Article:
BI’s Article search uses Boolean search capabilities. If you are not familiar with these principles, here are some quick tips.
To search specifically for more than one word, put the search term in quotation marks. For example, “workers compensation”. This will limit your search to that combination of words.
To search for a combination of terms, use quotations and the & symbol. For example, “hurricane” & “loss”.
LAKELAND, Fla.—Cardinal Health Inc. reached an agreement with the U.S. Drug Enforcement Agency over allegations that its Lakeland, Fla., distribution center failed to ensure that controlled substances were not diverted for illegitimate uses.
The agreement with the pharmaceutical and medical products company, announced Tuesday, stems from the DEA's efforts to combat a drug abuse epidemic in Florida and end the state's role as a major source of diverted pharmaceutical drugs to other states, according to DEA information.
In February, the DEA announced that it had issued immediate suspension orders for Cardinal's wholesale distribution center in Lakeland and for two of its customers, both CVS Caremark Corp. pharmacies.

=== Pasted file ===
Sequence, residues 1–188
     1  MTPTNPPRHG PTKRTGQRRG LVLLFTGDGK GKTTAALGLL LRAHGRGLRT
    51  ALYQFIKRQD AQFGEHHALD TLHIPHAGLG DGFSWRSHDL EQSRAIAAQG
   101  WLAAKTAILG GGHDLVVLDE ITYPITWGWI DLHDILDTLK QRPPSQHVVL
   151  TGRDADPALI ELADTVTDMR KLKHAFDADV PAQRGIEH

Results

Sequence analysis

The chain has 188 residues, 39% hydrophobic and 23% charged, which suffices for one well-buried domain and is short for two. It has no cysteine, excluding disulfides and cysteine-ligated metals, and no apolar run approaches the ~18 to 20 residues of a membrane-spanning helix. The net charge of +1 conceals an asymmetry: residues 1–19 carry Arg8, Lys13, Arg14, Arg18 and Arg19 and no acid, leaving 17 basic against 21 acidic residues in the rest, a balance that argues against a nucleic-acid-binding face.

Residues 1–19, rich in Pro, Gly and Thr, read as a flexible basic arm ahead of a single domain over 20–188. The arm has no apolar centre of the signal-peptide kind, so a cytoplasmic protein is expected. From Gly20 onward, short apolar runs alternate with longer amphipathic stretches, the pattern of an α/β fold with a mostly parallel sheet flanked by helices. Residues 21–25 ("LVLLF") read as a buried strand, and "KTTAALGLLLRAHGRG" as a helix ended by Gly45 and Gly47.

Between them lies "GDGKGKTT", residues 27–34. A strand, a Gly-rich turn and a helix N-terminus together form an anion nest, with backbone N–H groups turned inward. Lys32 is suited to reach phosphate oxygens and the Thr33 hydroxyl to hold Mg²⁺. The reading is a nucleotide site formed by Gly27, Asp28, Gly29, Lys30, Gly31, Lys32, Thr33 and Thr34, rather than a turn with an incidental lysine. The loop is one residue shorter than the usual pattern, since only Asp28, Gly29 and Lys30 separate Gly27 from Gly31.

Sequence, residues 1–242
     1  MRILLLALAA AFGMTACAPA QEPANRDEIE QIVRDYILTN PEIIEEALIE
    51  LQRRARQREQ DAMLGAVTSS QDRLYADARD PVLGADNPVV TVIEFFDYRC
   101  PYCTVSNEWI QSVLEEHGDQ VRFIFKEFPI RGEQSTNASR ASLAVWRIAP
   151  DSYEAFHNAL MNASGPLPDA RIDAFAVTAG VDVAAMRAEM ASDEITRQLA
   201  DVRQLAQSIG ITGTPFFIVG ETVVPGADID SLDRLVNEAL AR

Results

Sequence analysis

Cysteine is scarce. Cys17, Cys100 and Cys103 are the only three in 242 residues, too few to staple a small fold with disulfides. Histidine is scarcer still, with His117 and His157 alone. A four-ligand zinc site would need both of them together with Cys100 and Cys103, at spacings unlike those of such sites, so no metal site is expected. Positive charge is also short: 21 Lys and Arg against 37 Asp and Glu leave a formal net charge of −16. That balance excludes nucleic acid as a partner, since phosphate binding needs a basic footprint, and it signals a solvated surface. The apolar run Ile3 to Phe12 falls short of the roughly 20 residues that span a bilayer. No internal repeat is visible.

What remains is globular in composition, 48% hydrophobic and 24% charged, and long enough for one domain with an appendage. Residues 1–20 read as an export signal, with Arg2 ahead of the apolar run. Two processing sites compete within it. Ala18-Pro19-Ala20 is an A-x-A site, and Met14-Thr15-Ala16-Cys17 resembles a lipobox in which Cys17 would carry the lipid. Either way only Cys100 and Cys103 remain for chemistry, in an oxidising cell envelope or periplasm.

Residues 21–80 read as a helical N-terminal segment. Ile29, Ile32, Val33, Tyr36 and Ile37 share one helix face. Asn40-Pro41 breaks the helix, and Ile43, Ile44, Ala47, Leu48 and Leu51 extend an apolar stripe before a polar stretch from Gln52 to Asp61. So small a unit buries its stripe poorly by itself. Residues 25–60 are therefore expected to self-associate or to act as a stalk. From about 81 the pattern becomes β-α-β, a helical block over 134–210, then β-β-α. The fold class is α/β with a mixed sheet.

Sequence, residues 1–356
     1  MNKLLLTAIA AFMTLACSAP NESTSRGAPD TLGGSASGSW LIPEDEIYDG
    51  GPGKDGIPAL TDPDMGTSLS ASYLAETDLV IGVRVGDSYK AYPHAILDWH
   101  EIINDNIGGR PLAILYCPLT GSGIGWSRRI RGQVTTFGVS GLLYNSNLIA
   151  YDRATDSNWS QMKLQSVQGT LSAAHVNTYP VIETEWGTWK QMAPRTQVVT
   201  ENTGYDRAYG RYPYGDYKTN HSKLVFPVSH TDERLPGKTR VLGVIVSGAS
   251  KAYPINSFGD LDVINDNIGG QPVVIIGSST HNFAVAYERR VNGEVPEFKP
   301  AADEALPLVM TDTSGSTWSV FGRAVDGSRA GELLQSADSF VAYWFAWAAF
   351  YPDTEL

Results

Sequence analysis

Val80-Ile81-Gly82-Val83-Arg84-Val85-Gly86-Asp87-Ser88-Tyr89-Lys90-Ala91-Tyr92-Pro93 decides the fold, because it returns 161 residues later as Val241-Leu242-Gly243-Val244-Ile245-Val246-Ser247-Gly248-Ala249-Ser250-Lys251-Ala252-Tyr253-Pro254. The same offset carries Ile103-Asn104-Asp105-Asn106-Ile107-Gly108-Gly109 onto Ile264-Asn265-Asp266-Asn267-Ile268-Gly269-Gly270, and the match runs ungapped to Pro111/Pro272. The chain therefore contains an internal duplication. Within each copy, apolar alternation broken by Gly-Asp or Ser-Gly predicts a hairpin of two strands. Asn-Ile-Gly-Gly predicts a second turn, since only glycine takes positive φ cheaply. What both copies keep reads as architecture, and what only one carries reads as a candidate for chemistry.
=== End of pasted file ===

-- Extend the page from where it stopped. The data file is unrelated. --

The DEA said then that an ISO is served “when a DEA-registered business or individual (‘registrant') constitutes an imminent danger to the public safety and suspends a registrant's ability to handle or distribute a controlled substance such as oxycodone, hydrocodone” and other drugs.
It was not the DEA's first visit to the Lakeland facility.
In 2007, the DEA issued an ISO at the same location that it said was due to the distribution of hydrocodone to “rogue Internet pharmacies.”
“That action, and similar actions at other Cardinal Health facilities across the United States, resulted in a $34 million fine,” the DEA said in a February press release. Cardinal Health has been operating under an Administrative Memorandum of Agreement with the DEA that requires Cardinal Health to “maintain a compliance program designed to detect and prevent diversion of controlled substances as required under the Controlled Substances Act and applicable DEA regulations.”
On Tuesday, Dublin, Ohio-based Cardinal Health said it agreed to a two-year suspension of its Lakeland distribution center’s DEA registration to ship controlled medicines. It also agreed to improve its anti-diversion procedures.
But the distribution center will remain open, with all other operations at the facility continuing.
“This agreement allows us to put this matter behind us and, just as important, will clear the way for a more productive dialogue about how we and others in the health care and regulatory community can work together to prevent the abuse and misuse of prescription drugs,” said George Barrett, Cardinal Health chairman and CEO, in a statement.